Q. Fuck-up flowers, forever: I occasionally do minor things that justifiably annoy my girlfriend. For example, I will accidentally get so drunk that she has to take care of me. This isn’t the problem. We are both flawed humans who sometimes do dumb things, but we’re very happy and in love. The thing is, whenever I do something like that, I get her flowers. She loves flowers, so this is a good system, but she doesn’t like flowers that wither and die, so I get her potted plants. The problem is, she’s a really great gardener and has kept them all alive! All of the plants in her apartment are now flowers I have gotten her after some dumb thing. I’m worried that my mistakes are now immortalized through these flowers, but they’re her favorite thing, and I don’t want to stop getting them for her. What should I do?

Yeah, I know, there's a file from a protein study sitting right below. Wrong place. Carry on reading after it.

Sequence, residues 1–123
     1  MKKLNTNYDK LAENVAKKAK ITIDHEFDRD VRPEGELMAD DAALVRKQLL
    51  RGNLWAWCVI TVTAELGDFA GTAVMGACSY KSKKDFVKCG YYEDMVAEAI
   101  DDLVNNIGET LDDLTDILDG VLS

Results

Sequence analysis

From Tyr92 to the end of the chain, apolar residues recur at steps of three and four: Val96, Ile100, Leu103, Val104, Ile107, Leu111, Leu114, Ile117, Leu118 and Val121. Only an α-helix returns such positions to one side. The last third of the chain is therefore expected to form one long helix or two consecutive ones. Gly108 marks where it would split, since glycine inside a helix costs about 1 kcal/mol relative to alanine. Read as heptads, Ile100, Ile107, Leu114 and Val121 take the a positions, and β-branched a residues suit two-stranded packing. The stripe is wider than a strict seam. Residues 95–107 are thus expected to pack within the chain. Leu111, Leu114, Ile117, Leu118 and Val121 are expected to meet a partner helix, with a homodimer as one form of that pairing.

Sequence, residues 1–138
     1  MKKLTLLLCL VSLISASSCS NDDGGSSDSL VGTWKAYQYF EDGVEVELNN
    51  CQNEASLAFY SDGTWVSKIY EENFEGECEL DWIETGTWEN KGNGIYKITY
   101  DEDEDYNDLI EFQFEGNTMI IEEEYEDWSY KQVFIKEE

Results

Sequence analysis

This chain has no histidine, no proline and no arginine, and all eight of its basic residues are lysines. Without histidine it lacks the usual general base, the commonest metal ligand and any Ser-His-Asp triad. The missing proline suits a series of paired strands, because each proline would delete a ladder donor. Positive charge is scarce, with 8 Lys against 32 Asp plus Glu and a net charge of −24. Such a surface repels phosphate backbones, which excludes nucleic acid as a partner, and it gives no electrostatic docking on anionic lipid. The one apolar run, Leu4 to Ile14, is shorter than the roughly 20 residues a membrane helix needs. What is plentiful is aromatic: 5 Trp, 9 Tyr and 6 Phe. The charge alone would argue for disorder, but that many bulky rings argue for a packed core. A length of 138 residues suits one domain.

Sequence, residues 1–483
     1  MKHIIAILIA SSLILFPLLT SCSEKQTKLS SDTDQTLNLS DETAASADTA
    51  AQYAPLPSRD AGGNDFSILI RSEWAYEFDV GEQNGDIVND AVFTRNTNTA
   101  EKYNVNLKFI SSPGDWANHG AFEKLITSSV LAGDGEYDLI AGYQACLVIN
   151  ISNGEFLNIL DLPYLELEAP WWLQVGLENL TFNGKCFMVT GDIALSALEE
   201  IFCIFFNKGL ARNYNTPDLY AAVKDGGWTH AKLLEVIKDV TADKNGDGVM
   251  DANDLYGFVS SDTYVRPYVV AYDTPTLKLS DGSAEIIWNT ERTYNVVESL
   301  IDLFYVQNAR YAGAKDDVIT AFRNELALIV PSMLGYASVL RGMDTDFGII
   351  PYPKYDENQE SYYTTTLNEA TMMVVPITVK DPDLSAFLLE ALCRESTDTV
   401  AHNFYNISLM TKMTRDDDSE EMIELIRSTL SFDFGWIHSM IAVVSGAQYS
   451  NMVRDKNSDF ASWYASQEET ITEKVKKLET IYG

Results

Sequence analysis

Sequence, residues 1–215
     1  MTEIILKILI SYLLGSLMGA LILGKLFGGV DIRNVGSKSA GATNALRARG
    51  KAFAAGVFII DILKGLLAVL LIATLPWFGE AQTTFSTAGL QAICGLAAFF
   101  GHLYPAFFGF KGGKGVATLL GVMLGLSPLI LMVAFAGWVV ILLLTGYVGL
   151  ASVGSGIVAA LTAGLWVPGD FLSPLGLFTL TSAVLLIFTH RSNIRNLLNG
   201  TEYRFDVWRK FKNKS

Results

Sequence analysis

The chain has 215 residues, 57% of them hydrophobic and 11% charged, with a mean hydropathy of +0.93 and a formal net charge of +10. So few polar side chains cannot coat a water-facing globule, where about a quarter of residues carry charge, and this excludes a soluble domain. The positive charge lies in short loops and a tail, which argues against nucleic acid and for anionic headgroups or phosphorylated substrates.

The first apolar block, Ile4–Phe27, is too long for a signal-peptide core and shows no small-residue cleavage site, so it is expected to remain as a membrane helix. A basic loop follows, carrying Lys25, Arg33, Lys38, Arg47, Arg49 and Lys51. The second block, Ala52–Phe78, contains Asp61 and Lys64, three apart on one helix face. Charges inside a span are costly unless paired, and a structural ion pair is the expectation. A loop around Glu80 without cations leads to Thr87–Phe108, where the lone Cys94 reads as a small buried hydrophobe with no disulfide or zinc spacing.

A: Get her flowers when you haven’t done something stupid.
Q. Update—He’s already trying to fix me: I wrote to you last about my boyfriend who thought his frequent, unsolicited advice was going to change my life! I ended up breaking up with him a few months after that, and then I noticed what a relief it was not coming home to him! I didn’t realize how stressful and dreadful it was having him in my life until he wasn’t there.
A: Anytime a breakup is followed by immediate relief that your ex is no longer in your home is a sign you made the right choice in breaking up. Congratulations!